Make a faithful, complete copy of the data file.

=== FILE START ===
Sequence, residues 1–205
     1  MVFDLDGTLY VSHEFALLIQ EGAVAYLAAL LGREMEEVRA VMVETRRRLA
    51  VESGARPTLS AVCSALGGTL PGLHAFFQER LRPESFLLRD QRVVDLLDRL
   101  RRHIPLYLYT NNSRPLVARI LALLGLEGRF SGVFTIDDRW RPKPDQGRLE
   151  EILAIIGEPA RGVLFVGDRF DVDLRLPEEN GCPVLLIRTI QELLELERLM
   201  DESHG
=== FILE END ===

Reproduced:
Sequence, residues 1–205
     1  MVFDLDGTLY VSHEFALLIQ EGAVAYLAAL LGREMEEVRA VMVETRRRLA
    51  VESGARPTLS AVCSALGGTL PGLHAFFQER LRPESFLLRD QRVVDLLDRL
   101  RRHIPLYLYT NNSRPLVARI LALLGLEGRF SGVFTIDDRW RPKPDQGRLE
   151  EILAIIGEPA RGVLFVGDRF DVDLRLPEEN GCPVLLIRTI QELLELERLM
   201  DESHG